Did you ever wonder about those four strange magnets, a yellow and green leaf, an orange and yellow leaf, a blue and white clover, or a yellow and green butterfly, sometimes conspicuously attached to the front and rear of cars all over Japan? I was really hoping for a conspiracy, but in fact they are used to identify drivers with special needs to other drivers. These drivers must display them or face fines and lose points from their license.
The green and yellow leaf design identifies novice drivers, and its fresh green leaves are supposed to symbolize youth. If you use a Japanese driver’s license, you may also have had to put that “beginner” mark on your vehicle. This mark generally identifies drivers with less than one year experience behind the wheel, but it is also required for most foreign drivers who convert their licenses after coming to Japan.
Try to think of it as a “novice Japan driver” mark, rather than a “beginner” mark, because choosing to spare yourself the indignity of displaying your “beginner” status by leaving the mark off will cost you.
If cited for failure to display a required mark, 1 point will be deducted from your driver’s license, and you will pay a 14,000+ fine.
The orange and yellow leaf design used to identify elderly drivers, and appears to symbolize seniors in the autumn of their life. It may seem a bit macabre to choose a dying leaf to represent seniors, and Japan`s elderly population shares that sentiment.
Usage of this mark was previously required, but public outcry forced the government to back down, and now the mark is voluntary, but encouraged, for drivers over 70 years of age.
A new design replaced the unpopular dead leaf version.
The new design is shaped like a clover, brightly colored in lime green, green, yellow, and red. The clover is drawn around the English letter S in the center. This either stands for senior, or superman; I lean towards the latter.
Interestingly, the new mark resembles the wildcard from the game Uno. At the end of this year that design will become the official one and its use once again will be required.
Either mark seems a bit redundant, as elderly drivers are easily spotted by their habit of driving well below the speed limit. Again, the mark is voluntary, but encouraged, for drivers over 70 years of age.
A mark you might be less familiar with is the blue and white clover. This mark identifies a driver with a physical disability. I won’t pretend to know why a clover was chosen for this design, or why they decided against the wheelchair design used almost everywhere else in the world.
In the US, a shamrock symbolizes good luck and would be a strange choice for a driver suffering from a disability. This mark is also voluntary, but its use is encouraged for the physically disabled who drive regular vehicles.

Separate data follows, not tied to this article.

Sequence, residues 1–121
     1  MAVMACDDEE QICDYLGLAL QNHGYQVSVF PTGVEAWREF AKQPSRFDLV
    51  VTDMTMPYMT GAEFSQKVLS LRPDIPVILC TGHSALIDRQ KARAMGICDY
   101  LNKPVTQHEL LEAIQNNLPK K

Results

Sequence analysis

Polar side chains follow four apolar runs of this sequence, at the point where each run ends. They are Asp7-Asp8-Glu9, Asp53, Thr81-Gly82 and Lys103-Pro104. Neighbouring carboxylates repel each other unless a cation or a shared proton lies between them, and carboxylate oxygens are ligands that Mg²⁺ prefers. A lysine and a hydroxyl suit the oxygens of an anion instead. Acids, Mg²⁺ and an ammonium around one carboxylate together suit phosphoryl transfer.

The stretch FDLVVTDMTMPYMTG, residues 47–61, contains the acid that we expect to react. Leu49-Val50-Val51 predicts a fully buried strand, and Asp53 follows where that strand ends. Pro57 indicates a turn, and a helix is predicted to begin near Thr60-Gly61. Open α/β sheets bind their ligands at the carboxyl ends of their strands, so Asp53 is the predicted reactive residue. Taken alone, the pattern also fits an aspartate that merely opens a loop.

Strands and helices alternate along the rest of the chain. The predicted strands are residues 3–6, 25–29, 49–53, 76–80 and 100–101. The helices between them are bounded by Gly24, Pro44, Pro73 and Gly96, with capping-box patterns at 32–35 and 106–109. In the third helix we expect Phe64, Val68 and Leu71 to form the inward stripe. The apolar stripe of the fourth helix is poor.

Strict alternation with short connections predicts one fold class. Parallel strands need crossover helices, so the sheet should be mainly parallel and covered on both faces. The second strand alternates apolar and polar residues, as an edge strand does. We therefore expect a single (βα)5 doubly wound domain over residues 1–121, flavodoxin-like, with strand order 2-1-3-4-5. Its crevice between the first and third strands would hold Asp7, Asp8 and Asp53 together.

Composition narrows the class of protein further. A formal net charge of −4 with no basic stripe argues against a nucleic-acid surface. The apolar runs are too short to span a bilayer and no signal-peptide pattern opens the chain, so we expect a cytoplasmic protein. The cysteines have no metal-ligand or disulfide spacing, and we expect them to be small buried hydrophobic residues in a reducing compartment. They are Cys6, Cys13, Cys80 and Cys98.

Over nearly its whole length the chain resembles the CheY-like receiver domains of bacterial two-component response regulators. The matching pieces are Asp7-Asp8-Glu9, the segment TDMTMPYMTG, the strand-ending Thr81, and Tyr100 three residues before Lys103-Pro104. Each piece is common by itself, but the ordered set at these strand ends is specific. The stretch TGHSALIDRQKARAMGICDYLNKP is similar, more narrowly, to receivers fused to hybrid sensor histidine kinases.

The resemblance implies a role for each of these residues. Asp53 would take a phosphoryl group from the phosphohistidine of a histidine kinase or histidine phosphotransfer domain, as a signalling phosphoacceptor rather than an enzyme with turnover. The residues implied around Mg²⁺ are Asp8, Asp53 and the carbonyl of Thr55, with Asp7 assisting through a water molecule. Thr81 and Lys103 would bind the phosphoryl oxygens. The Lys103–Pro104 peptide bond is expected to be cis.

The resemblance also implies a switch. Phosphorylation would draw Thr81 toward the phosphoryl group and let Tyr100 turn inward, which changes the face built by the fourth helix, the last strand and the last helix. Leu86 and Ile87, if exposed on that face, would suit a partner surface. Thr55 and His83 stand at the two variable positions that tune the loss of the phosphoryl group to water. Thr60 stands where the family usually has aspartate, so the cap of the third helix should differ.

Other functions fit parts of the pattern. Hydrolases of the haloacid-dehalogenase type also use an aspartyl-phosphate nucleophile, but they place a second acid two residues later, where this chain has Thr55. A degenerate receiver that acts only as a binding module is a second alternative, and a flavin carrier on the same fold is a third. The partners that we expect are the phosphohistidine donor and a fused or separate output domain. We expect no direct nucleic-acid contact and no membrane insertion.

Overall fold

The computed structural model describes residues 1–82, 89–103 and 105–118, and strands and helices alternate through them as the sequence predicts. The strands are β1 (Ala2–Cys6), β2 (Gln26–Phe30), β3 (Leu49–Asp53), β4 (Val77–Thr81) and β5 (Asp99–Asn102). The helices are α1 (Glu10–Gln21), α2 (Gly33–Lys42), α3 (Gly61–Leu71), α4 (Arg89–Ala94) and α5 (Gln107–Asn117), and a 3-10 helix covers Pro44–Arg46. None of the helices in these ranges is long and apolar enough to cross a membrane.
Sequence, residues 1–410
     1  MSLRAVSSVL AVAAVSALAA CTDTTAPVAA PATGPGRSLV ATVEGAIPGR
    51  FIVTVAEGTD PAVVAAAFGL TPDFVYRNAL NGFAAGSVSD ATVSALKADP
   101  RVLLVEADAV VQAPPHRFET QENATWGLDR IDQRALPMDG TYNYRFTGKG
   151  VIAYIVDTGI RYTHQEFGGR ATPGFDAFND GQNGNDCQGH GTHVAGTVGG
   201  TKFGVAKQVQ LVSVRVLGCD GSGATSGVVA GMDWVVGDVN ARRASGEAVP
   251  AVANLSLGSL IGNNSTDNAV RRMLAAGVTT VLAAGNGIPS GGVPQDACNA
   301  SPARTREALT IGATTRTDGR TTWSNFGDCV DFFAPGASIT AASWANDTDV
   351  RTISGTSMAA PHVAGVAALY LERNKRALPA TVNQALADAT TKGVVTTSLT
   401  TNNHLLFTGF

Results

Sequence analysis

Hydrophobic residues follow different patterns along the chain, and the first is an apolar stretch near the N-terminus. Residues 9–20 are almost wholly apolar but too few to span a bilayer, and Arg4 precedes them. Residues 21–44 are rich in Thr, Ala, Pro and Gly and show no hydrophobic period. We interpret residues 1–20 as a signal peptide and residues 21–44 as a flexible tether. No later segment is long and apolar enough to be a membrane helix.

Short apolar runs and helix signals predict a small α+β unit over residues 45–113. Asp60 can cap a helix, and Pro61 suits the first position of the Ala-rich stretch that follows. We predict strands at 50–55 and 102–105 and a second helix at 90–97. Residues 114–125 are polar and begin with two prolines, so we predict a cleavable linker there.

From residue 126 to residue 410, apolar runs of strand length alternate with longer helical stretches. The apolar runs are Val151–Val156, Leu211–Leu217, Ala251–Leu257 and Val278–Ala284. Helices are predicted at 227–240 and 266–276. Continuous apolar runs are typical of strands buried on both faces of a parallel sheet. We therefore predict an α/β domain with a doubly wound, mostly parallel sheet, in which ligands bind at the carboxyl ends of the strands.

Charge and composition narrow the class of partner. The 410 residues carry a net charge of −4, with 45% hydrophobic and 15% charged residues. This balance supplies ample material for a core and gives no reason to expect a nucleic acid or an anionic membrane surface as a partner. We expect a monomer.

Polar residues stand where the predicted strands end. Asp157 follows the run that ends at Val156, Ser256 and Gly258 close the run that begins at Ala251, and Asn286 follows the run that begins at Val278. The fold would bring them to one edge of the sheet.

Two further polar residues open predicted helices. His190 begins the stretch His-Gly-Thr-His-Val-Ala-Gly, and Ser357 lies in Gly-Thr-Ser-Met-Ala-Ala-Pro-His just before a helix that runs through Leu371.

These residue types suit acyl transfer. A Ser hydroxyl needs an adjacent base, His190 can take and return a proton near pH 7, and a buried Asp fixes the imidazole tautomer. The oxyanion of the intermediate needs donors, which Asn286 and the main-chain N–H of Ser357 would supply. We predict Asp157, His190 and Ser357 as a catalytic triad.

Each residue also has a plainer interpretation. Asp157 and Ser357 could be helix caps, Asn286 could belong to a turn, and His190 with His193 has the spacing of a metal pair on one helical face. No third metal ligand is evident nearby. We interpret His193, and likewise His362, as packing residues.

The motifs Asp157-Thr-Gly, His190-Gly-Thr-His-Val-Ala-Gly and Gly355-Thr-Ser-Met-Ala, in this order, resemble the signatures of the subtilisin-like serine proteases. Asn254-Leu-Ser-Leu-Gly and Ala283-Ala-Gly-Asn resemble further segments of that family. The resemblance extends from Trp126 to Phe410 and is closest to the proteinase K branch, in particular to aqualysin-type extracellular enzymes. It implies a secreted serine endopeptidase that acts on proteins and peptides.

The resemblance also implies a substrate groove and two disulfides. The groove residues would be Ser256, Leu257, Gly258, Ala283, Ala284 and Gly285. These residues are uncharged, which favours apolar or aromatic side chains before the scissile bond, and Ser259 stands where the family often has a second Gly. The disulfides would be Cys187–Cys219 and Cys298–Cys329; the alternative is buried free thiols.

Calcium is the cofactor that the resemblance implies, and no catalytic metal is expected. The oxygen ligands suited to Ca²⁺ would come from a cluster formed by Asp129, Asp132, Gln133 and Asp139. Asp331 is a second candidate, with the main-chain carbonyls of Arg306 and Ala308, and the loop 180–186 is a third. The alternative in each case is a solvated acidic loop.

Unlike other countries, this mark is not required to utilize disabled parking areas, and so anyone can buy one, and they are available in stores next to other marks if you want to pick one up.
The least common of these marks is the green and yellow butterfly indentifying hearing impaired drivers. A driver who is unable to hear a 90 decibel car horn at a distance of 10 meters with both ears is required to display this mark on their car. Once you know what it means, it would be pretty easy to decide the wings are actually ears, but it is in fact a butterfly.
The design is a joke based on something like a homophone, or a word that is pronounced the same as another word but differs in meaning. The word for hearing in Japanese is Chyoukaku, and the word for butterfly is chyou. That is how a picture of a butterfly was chosen to symbolize hearing impaired drivers; cute, right?
These marks protect vulnerable or inexperienced drivers on the road, and I suppose us from them as well. When you encounter a vehicle bearing one of these special there are some things to keep in mind. Even if the dying leaf in front of you is driving too slowly, you may not pass too close or cut off a vehicle bearing one of these marks except to avoid a danger or hazard. If you do you will be cited by the police, pay a minimum fine of 6,000+, and lose 1 point from your license.
This is not a particularly steep fine, but the police will additionally cite you for passing too closely, etc as well. These multiple citations can put you in danger of getting your license suspended, which occurs automatically when you accrue 6 points against your driving record.
As I said, I was really hoping for a conspiracy to explain these magnets, but even if the truth is less interesting, you can still use it to amaze your friends, impress your family when they come to visit, and answer at least one question correctly if you ever take the driver’s license test in Japan. If you are interested exploring a little further, you can see a collection of Japanese street signs and their meanings, at www.japandriverslicense.com.